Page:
German Chamomile seeds
A lovely annual plant with very cheerful aromatic white daisy flowers. It is easy to grow and maintain preferring well drained soils preferably sandy. It can grow on poor soil and needs little extra care, tolerates mild to medium acid soils (up to 4.8). Deer normally don't eat it. Flowers are fairly long lasting giving a good showing in any garden. Flowers used in tea and herbal medicines.
This plant is well known for its flowers used as a herb in chamomile teas and other herbal medicines. However only the flowers of this plant have the characteristic odor and are used in teas etc the foliage does not smell. For most herbal preparations this plant is not considered as true chamomile but known as scented mayweed or wild chamomile. For those wishing to grow chamomile for herbal purposed the perennial a Anthemis nobilis also known as Chamaemelum nobile should be considered.
An annual plant growing to two feet (60cm) in height and about 12" (38cm) wide. The stems are much branched with sparse finely divided leaves of mid to dark green. Each branch holds a solitary terminal flower which have hollow conical receptacles with small white petals surrounding it forming a daisy like flower. The plant flowers profusely beginning around June to July, the plants produce a prolific number of flowers that continue until around mid August when the seeds begin to ripen.
Chamomile seeds need light to germinate so never cover the seed. It can be grown by broadcast seeding in the area chosen for it then lightly tamped down with a hoe or spade. Sow seed from August onwards or in very early spring, before the leaves have broken on the trees. With this method much weeding will be necessary since the seedlings grow slowly at first but finally hit a growth spurt when less care is needed. However weeding will still be needed as they never beat out the weeds.. Space plants at about 10 - 12 inches apart.
The seeds can also be sown indoors in later winter for early planting outside. Ensure that each plant is transplanted early to its own pot for growing on as larger plants do not transplant well bare rooted. Make sure transplants have a good root system before planting out. Unless all flower heads are collected German chamomile will reseed itself, since the seeds are small they can travel quite a way across the garden and reseed anywhere.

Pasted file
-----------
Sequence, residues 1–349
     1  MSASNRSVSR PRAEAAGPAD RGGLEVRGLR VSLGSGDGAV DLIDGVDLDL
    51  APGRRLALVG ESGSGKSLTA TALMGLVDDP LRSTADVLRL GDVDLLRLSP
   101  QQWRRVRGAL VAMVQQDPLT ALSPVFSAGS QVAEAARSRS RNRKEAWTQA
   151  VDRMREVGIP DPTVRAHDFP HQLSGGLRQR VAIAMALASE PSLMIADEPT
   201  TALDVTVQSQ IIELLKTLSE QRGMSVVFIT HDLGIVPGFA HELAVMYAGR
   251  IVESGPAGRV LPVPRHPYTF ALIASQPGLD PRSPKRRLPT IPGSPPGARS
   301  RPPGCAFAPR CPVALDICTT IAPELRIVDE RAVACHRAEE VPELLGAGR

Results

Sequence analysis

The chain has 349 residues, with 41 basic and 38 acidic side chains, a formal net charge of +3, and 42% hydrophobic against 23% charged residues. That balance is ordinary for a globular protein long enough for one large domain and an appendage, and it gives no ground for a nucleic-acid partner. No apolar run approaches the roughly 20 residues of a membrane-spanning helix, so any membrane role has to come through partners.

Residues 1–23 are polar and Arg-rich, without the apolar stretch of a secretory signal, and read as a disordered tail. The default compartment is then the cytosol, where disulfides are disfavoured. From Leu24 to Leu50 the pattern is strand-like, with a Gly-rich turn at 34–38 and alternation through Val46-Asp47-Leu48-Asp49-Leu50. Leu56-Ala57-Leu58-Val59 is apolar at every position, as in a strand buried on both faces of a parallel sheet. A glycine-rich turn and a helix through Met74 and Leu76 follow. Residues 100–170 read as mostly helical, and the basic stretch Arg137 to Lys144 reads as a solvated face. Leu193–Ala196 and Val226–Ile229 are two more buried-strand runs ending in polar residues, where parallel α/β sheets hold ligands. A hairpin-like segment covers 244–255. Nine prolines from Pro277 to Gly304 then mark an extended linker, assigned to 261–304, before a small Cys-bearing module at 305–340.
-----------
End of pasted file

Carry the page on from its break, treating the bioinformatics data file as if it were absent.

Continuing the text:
All chamomiles prefer a sunny location full sun is ideal but it can tolerate some morning or afternoon shade. IT needs a well drained soil and prefers sandy soils best. Do not plant in waterlogged or heavy clay soils without serious soil amendment. It can easily grow on soils with fairly high acidity up to 4.8. However the soil can be quite poor chamomiles need very little in the way of extra fertilizer. Once established German chamomile needs little attention.
German chamomile is by far the easiest to harvest since the plants are taller and they produce many more flowers than true or roman chamomile, however the flowers are smaller so you need more of them. Flowers should be snipped from the plant when they are in full bloom. They can then either be sun dried or dried in a dehydrator. Be aware that if you are intending to grow for use a herbal tea you need a LOT of plants to produce only a small amount of flowers for tea. Dried flowers are small and take up little space. If you drink a lot of herbal tea you will need quite a large chamomile bed to sustain you.
There are many plants that look similar to chamomile. If harvesting in the wild (or from migrating seeds in your garden) make sure that the plant you have really is chamomile. Few others have the same distinctive aroma and the leaves are characteristic but the flowers can be very similar in many species some of which can be dangerous if taken in larger doses so always make sure you have the correct plant.
German Chamomile plant
German Chamomile growing in our field